Carbon Tax, Its Purpose, and How It Works
How a Carbon Tax Can Solve Climate Change
A carbon tax is a fee that a government imposes on any company that burns coal, oil, or gas. The World Bank reports that 40 countries and 20 municipalities use either carbon taxes or carbon emissions trading. That covers 13 percent of annual global greenhouse gas emissions.
The purpose of a carbon tax is to fairly distribute the true cost of burning carbon. When carbon-rich fuels are used for energy, they produce greenhouse gases.
These gases, such as carbon dioxide and methane, create global warming by heating up the atmosphere.
Burning oil, coal, and natural gas creates 82 percent of U.S. greenhouse gas emissions. Methane generates 9 percent, nitrous oxide adds 5 percent, and refrigerants and other sources make up the rest.
The International Energy Agency recommended that no more than a third of the world's reserves of fossil fuels should be burned by 2050. If more is burned, the CO2 will heat up the atmosphere to a dangerous level of 2 degrees Celsius above pre-industrial levels.
China emits the most greenhouse gases, followed by the United States. But Americans emit the most per person. They make up 5 percent of the world's population but emit 20 percent of its gases. That's five times more than a non-American. But over the last century, America emitted most of the gases that are warming the planet today.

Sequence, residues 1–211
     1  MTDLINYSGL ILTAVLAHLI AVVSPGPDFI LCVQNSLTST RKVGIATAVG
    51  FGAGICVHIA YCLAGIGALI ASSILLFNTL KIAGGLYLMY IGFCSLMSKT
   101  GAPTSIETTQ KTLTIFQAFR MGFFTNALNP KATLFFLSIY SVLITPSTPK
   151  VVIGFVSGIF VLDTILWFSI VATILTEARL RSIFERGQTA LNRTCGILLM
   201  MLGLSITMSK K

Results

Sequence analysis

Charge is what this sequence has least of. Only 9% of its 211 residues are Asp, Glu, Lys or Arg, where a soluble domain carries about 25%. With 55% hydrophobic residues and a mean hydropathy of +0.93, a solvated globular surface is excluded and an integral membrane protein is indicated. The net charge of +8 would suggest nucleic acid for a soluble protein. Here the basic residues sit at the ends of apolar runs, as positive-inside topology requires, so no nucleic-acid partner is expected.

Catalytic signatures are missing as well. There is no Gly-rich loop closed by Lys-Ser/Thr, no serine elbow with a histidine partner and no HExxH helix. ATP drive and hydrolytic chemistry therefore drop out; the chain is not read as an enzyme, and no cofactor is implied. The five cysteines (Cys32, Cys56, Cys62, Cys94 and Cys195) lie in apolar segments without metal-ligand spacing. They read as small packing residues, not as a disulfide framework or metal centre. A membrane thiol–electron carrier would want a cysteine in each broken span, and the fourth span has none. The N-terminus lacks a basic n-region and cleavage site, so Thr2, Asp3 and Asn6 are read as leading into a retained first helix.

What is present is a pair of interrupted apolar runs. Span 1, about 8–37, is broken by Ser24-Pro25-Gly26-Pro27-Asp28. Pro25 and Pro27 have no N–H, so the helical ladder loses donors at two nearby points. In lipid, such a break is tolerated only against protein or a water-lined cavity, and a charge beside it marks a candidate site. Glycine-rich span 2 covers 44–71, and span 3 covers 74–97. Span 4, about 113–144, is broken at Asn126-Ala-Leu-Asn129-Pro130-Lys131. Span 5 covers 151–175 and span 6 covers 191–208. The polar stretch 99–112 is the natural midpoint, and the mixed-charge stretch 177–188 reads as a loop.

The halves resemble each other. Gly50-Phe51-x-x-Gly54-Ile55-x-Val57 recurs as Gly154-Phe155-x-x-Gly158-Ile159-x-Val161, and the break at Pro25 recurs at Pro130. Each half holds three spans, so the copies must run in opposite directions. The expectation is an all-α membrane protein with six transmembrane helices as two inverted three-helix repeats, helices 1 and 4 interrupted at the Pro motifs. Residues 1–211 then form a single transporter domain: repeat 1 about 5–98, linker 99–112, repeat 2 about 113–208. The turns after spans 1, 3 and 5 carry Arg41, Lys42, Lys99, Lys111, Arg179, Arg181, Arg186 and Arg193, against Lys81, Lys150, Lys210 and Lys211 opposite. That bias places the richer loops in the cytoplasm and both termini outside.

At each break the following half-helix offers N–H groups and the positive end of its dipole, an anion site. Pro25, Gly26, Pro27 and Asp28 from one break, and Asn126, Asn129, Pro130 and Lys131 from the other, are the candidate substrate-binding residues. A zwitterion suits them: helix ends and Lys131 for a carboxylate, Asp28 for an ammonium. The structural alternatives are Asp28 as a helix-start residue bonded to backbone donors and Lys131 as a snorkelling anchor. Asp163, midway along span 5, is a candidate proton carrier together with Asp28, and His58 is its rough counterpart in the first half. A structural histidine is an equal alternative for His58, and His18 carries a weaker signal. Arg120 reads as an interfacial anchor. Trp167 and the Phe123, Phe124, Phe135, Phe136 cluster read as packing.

Scientists agree that the resultant climate change causes heat waves, flooding, droughts, and wildfires. These economic costs are paid by homeowners, farmers, and the government. The utilities and energy companies that produce the greenhouse gases don't pay any of those costs.
How It Works
First, the government must determine the external cost for each ton of greenhouse gas emission.
This is difficult because scientists and economists must first agree on which assumptions to use.
One group, the U.S. Interagency Working Group on Social Costs of Carbon, did develop an estimate of $40 per metric ton. A tax reflecting this social cost would increase gas prices by 36 cents a gallon. It would add $0.02 average price of a kilowatt-hour of electricity.
The carbon tax makes sure companies pay for the external costs they impose on society. It is a Pigovian tax since it returns the cost of global warming to their producers. It reflects the true cost of burning fossil fuels.
A carbon tax could raise substantial revenue. The Congressional Budget Office estimated that a carbon tax starting at $20 per ton and increasing to $34.4 per ton in 10 years could have raised $1.2 trillion. That's on par with the amount raised by all other excise taxes.
The revenue could be used to reimburse federal agencies tasked with dealing with the effects of climate change. These include:
- The Federal Emergency Management Agency which deals with hurricane damage.
- The U.S. Forest Service spent almost $2.5 billion in 2017. Firefighting consumed 52 percent of its budget. This leaves little to spend on forest management.